Raise taxes to prevent a housing bust: Stiglitz

Joseph E. Stiglitz at the World Economic Forum 2009 annual meeting in Davos, Switzerland
Joseph E. Stiglitz at the World Economic Forum 2009 annual meeting in Davos, Switzerland

A weekly roundup of news and views on property development, sales, affordability and more

Will higher taxes stop a housing bust? U.S. economist Joseph E. Stiglitz says capital gains taxes on higher-priced real estate, as well as policies or taxes targeting empty homes, will help ease inequality and boost the economy. The Nobel Prize-winning economist, who has called Canada’s housing inequality “very disturbing,” says real estate taxation can help dampen housing bubbles and prevent broader economic damage. (BNN)

Blame politicians for high house prices. Why is housing so expensive in Vancouver and Toronto? Lawrence Solomon, executive director of Urban Renaissance Institute and a former vice-chair of the City of Toronto Planning Board, says Chinese buyers, green belts outside the cities and opponents to high rises do contribute to high housing costs, but most of the blame lies elsewhere. “City homes aren’t expensive because we’ve run out of land to develop within cities, as is often claimed. City homes are expensive because politicians prevent available land from being intelligently developed or redeveloped.” (Financial Post)

Another pension group is selling its Vancouver real estate holdings. The Ontario Teachers’ Pension Plan is looking for buyers for a minority stake in its $4 billion portfolio, which includes office towers and shopping malls. Cadillac Fairview, the real estate unit of Canada’s third-biggest pension fund, is looking to raise about $2 billion from the sale. It follows Ivanhoe Cambridge and the Healthcare of Ontario Pension Plan in seeking to reduce holdings in the Vancouver commercial market, where prices have reached record highs amid an influx of foreign cash even as new supply drives up vacancy rates. (Bloomberg)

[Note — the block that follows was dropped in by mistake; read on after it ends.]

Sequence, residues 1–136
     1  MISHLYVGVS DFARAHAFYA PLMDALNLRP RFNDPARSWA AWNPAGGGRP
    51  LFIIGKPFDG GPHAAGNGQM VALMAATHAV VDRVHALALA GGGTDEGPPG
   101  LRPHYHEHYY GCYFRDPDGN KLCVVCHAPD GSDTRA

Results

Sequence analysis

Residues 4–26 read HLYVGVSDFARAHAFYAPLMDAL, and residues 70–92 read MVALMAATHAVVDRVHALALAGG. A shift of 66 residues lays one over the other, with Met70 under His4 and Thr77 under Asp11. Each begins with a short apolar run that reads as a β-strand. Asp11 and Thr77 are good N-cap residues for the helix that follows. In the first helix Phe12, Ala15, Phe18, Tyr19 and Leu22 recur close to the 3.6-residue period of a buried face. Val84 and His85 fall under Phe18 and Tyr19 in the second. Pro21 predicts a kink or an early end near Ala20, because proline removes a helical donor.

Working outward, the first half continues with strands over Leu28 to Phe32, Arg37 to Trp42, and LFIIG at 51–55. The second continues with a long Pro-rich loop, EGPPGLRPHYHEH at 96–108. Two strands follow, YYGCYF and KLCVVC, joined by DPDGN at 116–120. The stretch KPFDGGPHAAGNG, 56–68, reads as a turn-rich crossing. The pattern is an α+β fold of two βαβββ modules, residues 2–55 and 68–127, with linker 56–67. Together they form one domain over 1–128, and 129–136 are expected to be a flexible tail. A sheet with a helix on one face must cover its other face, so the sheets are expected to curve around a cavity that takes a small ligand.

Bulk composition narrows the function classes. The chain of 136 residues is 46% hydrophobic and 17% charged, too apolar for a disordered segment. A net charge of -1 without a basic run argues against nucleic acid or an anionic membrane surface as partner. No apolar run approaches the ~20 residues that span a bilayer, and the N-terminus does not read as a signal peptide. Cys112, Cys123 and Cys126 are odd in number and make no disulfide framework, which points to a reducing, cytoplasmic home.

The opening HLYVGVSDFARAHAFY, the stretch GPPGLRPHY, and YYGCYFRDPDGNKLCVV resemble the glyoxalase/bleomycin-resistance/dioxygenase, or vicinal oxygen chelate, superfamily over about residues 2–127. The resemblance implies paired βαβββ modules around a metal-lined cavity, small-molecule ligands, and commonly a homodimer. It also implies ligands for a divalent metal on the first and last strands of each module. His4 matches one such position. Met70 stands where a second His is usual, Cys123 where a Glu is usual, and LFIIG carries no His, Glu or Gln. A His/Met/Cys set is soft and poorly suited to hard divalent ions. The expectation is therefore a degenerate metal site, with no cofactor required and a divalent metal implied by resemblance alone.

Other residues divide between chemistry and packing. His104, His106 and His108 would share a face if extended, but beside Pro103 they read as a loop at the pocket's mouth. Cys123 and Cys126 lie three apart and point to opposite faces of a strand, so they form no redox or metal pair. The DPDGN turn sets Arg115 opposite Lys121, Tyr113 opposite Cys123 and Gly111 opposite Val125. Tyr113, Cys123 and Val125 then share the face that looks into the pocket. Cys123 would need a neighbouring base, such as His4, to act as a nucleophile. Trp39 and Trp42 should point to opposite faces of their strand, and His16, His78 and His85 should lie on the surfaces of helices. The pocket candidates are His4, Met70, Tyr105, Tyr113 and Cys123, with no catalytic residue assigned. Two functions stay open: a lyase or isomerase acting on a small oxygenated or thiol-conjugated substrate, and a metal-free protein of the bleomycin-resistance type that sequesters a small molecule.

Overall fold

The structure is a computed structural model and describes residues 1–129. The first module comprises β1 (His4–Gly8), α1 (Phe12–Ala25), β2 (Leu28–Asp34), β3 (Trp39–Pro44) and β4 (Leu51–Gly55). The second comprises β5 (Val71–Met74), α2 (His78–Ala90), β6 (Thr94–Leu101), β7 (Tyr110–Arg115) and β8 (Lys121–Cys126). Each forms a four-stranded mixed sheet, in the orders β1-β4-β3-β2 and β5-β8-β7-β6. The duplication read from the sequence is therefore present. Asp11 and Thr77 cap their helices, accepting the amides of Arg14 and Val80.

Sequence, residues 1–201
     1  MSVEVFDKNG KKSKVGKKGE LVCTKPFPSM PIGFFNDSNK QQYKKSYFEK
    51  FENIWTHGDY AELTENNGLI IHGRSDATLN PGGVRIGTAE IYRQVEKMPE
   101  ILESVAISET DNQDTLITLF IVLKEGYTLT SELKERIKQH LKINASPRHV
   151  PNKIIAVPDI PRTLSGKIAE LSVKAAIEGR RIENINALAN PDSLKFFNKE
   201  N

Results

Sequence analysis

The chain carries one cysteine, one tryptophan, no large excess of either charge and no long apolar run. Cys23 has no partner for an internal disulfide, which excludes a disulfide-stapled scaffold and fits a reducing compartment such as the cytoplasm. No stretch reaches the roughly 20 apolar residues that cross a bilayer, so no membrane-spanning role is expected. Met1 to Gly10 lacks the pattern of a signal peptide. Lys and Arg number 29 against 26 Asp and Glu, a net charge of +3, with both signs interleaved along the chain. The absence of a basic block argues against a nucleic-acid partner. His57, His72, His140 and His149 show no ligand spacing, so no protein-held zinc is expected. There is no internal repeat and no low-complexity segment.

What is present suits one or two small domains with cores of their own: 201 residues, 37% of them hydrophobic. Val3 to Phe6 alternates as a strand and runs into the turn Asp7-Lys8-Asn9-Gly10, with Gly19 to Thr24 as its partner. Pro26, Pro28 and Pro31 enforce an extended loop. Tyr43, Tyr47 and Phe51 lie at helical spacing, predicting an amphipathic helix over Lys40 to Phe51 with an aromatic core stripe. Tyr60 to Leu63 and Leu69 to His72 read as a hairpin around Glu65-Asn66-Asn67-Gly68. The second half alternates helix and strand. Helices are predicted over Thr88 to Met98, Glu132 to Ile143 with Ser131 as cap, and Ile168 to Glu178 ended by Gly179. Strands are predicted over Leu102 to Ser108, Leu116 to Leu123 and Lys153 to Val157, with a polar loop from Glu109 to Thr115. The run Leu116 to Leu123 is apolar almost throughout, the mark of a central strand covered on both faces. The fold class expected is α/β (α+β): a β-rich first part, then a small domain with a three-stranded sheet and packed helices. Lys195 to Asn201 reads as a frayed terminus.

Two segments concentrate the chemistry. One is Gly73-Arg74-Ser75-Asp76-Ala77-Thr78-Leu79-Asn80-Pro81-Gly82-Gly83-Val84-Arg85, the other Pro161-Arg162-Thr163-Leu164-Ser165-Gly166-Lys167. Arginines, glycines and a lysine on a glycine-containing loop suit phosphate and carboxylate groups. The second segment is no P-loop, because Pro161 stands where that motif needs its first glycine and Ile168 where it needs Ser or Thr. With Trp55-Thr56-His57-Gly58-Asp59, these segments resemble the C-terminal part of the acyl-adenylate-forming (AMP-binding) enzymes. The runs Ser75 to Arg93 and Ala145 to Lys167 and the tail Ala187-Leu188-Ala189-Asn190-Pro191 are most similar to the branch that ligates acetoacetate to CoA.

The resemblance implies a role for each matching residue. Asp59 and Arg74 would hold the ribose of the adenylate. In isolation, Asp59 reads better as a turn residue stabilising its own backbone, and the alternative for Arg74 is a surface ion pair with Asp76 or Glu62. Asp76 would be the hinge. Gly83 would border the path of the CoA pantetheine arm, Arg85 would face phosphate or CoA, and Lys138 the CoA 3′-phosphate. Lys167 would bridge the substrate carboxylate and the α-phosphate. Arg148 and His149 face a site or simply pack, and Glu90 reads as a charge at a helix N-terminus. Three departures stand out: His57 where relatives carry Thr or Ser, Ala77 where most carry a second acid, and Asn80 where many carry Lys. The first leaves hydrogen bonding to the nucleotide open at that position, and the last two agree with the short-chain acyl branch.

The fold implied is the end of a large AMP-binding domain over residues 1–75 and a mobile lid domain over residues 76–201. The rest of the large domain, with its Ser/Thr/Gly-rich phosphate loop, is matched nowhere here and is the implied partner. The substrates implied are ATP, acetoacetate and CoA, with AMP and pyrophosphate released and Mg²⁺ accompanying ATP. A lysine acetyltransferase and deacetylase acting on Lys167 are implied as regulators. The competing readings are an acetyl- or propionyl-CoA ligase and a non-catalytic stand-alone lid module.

Concord Pacific wants its land back. The developer is suing the City of Vancouver for trying to sell a piece of land that was included in millions of dollars’ worth of community benefits Concord provided as part of the company’s redevelopment on the north shore of False Creek 20 years ago. While City planning documents say a building as high as 425 feet could be allowed, Concord says the site was to be used for charitable community purposes. The lawsuit asks for an injunction to prevent the sale, and Concord has offered to buy back the land at a fair market price. (The Globe and Mail)

When pets are a priority. Some New Yorkers don’t just look for accommodation that accepts pets but for places that their pets will accept, from access to a patio to access to daycare. “Many people who don’t have children view their pets as their children, and they consider their pets’ needs in the same way others would consider how the schools or playgrounds are in a particular neighborhood,” says one. (The New York Times)